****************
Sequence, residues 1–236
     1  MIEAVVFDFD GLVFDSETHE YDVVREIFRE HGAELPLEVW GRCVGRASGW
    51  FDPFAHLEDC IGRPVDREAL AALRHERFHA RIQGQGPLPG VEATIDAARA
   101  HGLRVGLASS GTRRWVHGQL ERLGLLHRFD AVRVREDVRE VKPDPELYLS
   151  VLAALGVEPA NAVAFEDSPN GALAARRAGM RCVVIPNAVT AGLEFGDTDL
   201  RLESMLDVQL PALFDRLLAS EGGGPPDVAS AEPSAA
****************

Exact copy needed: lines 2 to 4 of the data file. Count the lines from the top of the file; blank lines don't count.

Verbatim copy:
     1  MIEAVVFDFD GLVFDSETHE YDVVREIFRE HGAELPLEVW GRCVGRASGW
    51  FDPFAHLEDC IGRPVDREAL AALRHERFHA RIQGQGPLPG VEATIDAARA
   101  HGLRVGLASS GTRRWVHGQL ERLGLLHRFD AVRVREDVRE VKPDPELYLS